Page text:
My dad died from complications of chemotherapy in August of 2012. He was the greatest man I ever knew. He was loving, nurturing, supportive and he was my rock and shelter in every storm I weathered. When he died I honestly did not know how I would be able to face a day without him. How do you go on when the one person you've had in your life as your strength leaves you? His death was not the first time I suffered the loss of a beloved family member. My beautiful sister, Lisa, preceded him in death so I do know what it feels like to have your heart ripped out of your chest, torn into shreds and then put back because you know you have to go on, only you are not whole, nor will you be ever again.
My father's death was much harder on me than my sister's. Sometimes I have great guilt over that. Lisa had been sick for a long time, and watching her suffer was very hard on me. The day my sister died her long suffering was ended and I found joy and comfort in knowing that. Like my sister, my father also suffered from cancer. But his leukemia was supposed to be the slow progression kind that would outlive him. But this is not what happened. One chemotherapy session put him in the hospital. His kidney's started to fail, his oxygen level was off, and despite the chemo killing the white blood cells as it was supposed to do, it compromised my father's system. He valiantly fought back and went from the ICU to a regular room where he was supposed to come home that week. Instead his brain hemorrhaged and with the weakened state of his body and a system compromised from chemotherapy he did not survive.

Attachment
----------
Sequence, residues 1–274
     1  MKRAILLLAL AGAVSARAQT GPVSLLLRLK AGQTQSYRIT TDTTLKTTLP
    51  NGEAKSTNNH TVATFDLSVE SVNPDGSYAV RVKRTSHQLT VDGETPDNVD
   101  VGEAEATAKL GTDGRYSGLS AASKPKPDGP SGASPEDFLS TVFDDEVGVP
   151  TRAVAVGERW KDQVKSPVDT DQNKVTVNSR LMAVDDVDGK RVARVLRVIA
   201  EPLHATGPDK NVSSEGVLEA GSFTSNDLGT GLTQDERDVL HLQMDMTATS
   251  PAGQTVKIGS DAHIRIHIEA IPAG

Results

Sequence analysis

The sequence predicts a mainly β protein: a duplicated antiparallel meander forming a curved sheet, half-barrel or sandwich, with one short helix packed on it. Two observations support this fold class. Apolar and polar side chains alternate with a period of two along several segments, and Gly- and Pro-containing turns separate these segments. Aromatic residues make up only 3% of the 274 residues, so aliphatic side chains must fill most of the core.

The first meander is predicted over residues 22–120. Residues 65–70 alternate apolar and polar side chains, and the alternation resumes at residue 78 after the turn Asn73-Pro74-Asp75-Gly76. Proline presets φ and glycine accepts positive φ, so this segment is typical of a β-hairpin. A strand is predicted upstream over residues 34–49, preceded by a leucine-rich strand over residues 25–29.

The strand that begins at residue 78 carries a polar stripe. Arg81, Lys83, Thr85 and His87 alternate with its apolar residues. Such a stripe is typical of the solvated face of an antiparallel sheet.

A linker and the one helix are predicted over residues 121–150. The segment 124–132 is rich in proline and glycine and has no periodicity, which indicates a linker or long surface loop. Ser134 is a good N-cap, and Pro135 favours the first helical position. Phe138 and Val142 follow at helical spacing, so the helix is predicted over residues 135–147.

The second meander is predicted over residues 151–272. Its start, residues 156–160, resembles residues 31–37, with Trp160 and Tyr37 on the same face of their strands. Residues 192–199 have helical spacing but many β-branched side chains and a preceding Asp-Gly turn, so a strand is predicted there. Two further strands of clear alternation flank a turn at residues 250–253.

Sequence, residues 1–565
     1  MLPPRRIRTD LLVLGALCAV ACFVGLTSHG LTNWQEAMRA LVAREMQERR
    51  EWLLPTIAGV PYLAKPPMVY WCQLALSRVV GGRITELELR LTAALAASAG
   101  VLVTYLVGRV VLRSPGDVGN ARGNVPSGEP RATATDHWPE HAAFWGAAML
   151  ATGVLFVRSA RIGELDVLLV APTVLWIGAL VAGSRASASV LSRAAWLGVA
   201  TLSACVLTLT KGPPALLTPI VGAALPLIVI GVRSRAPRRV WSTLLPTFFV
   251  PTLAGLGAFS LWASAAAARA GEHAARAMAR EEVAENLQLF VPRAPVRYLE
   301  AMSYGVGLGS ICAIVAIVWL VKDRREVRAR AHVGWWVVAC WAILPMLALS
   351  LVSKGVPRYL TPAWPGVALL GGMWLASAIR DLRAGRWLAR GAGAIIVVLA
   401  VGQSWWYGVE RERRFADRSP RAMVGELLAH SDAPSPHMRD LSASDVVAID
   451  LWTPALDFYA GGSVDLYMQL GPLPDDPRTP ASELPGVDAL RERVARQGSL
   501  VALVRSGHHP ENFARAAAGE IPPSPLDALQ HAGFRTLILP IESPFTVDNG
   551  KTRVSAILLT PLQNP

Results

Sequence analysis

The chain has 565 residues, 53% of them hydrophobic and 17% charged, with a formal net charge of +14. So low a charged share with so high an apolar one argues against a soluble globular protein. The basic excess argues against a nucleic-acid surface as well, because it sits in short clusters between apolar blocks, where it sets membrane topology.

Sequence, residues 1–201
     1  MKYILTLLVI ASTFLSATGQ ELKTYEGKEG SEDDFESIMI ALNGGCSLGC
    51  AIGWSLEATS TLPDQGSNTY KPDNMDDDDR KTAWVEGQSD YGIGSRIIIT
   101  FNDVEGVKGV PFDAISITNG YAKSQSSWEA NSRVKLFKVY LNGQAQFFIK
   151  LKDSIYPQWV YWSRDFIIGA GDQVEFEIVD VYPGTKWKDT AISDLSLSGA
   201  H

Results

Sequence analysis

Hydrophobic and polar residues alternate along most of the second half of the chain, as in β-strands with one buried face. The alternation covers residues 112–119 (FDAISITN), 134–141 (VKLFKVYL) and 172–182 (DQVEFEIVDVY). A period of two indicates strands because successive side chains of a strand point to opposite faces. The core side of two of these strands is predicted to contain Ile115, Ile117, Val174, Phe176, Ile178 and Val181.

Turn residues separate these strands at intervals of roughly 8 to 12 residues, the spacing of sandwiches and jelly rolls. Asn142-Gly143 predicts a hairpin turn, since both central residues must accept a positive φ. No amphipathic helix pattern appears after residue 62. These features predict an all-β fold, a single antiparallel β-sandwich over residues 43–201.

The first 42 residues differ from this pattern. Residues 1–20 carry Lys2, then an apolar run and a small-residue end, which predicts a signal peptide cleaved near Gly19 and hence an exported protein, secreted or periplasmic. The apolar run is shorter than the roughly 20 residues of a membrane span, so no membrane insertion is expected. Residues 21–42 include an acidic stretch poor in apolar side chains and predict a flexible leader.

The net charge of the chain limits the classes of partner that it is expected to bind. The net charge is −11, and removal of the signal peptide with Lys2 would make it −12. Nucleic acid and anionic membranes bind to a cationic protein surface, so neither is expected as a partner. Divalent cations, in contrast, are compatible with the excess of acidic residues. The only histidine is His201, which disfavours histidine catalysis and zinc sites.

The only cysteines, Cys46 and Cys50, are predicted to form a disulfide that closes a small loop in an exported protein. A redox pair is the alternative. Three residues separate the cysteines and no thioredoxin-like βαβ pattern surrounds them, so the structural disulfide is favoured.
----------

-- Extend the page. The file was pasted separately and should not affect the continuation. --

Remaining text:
Unlike my sister we didn't have to see him suffer for years. One minute he was with us talking about being able to go home and how happy he was that he could finally eat a decent meal, the next he was vomiting from the intense pain and excruciating headache caused him. Then he started slurring his words and his body started posturing as he slipped into a coma. The horror was unimaginable.
The day I had to return back to work after his funeral. I started falling apart walking out to my car. I am the oldest daughter. I was very strong throughout my sister's illness and death. I was very strong for my family when my father died--but now I was alone without anyone around to see me and I was a mess.
I actually thought I would crumple to the ground my sorrow was so severe, and then I looked to the sky and saw the most beautiful rainbow I had ever seen. It seemed to fill the entire sky and was so bright. And in that moment I felt as if my dad was reaching out to me. That he was letting me know that he was still with me, that he would always be with me. And that I would be able to go on, because I had to go on.
Whenever I see a rainbow now I think of my dad. I think of how even in death he was still supporting me, holding me help, helping me move on through another horrible occurrence in my life. Today, on Father's Day, I share this mani with you in memory and great honor for my dad, Alan Lutze
For all of you with dad's still with you on this Father's Day hug them tight and let them know how much they mean to you.